From the earliest days it has been thought endowed with singular curative virtues chiefly against nervous headaches, and for the relief of chronic bronchitis. Ray tells of a remarkable instance in the person of a Mr. Oldacre who was cured of an obstinate chronic headache by using the juice or the powdered leaves of the Ground Ivy as snuff: Succus hujus plantoe naribus attractus cephalalgiam etiam vehementissimam et inveteratam non lenit tantum, sed et penitus aufert; and he adds in further praise of the herb: Medicamentum hoc non satis potest laudari; si res ex usu oestimarentur, auro oequiparandum. An infusion of the fresh herb, or, if made in winter, from its dried leaves, and drank under the name of Gill tea, is a favourite remedy with the poor for coughs of long standing, accompanied with much phlegm. One ounce of the herb should be infused in a pint of boiling water, and a wineglassful of this when cool is to be taken three or four times in the day. The botanical name of the plant is Nepeta glechoma, from Nepet, in Tuscany, and the Greek gleechon, a mint.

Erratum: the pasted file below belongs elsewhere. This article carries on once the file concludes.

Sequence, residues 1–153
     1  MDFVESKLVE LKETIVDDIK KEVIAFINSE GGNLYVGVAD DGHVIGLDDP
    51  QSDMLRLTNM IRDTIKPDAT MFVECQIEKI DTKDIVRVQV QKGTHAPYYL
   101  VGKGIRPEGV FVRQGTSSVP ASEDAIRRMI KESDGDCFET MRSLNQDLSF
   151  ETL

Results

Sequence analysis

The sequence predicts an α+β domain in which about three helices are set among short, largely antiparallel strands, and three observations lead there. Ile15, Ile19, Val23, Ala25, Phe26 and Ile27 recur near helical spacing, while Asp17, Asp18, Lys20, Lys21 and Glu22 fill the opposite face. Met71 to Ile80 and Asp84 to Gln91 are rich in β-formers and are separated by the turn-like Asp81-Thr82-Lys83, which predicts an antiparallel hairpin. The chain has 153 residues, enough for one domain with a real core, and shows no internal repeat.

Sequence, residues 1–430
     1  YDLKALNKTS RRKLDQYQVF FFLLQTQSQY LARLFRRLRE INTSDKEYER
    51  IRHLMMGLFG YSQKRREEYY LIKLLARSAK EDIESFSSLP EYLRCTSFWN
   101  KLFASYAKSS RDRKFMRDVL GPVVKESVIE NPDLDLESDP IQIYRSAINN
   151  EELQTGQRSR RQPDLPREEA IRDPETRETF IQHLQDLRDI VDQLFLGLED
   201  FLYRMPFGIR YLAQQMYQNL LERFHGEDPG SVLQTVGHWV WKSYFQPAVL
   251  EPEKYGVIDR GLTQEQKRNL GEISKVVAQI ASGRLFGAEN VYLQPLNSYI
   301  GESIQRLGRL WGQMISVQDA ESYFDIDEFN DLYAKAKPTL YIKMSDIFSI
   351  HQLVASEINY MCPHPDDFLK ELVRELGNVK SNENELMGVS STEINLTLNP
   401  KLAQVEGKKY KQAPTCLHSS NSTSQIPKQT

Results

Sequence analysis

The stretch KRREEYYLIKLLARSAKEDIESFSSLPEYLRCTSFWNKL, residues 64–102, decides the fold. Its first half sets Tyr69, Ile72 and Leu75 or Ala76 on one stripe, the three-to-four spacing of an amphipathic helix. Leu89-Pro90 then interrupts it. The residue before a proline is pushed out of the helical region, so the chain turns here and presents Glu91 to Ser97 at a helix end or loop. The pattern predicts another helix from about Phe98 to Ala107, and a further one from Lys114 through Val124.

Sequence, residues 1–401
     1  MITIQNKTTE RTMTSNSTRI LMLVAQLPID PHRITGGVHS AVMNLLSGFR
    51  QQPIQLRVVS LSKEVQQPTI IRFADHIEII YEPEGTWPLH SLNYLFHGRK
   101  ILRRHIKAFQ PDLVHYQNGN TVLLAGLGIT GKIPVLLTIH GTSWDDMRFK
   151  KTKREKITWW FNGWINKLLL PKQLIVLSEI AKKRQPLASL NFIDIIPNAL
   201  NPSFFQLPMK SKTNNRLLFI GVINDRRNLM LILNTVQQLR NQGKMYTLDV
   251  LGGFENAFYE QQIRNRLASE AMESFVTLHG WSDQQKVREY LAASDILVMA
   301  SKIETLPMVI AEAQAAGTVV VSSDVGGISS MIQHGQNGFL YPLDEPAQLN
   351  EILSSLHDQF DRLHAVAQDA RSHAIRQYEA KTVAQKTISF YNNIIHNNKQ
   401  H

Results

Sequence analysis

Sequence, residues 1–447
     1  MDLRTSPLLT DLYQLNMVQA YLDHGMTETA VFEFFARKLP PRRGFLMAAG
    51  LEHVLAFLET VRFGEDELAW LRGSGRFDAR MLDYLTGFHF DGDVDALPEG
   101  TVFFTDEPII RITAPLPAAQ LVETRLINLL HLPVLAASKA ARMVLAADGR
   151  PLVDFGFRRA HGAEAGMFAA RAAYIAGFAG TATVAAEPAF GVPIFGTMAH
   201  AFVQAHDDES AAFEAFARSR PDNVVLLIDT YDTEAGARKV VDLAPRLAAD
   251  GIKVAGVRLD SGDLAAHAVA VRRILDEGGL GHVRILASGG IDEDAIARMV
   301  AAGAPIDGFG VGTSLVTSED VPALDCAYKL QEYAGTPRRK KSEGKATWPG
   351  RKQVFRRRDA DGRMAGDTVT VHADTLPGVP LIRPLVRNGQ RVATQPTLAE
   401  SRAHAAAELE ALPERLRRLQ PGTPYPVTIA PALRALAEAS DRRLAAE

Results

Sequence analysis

Resembling Ivy in miniature, the leaves have been used in weaving chaplets for the dead, as well as for adorning the Alestake erected as a sign at taverns. For this reason, and because formerly in vogue for clearing the ale drank by our Saxon ancestors, the herb acquired the names of Ale hoof, and Tun hoof (“tun” signifying a garden, and “hoof” or “hufe” a coronal or chaplet), or Hove, “because,” says Parkinson, “it spreadeth as a garland upon the ground.” Other titles which have a like meaning are borne by the herb, such as “Gill go by the ground,” and Haymaids, or Hedgemaids; the word “gill” not only relating to the fermentation of beer, but meaning also a maid. This is shown in the saying, “Every Jack should have his Gill, or Jill”; and the same notion was conveyed by the sobriquet “haymaids.” Again in some districts the Ground Ivy is called “Lizzy run up the hedge,” “Cat’s-foot” (from the soft flower heads), “Devil’s candlesticks,” “Aller,” and in Germltny “Thundervine,” also in the old English manuscripts “Hayhouse,” “Halehouse,” and “Horshone.” The whole plant was employed by our Saxon progenitors to clarify their so-called beer, before hops had been introduced for this purpose; and the place of refreshment where the beverage was sold bore the name of a “Gill house.”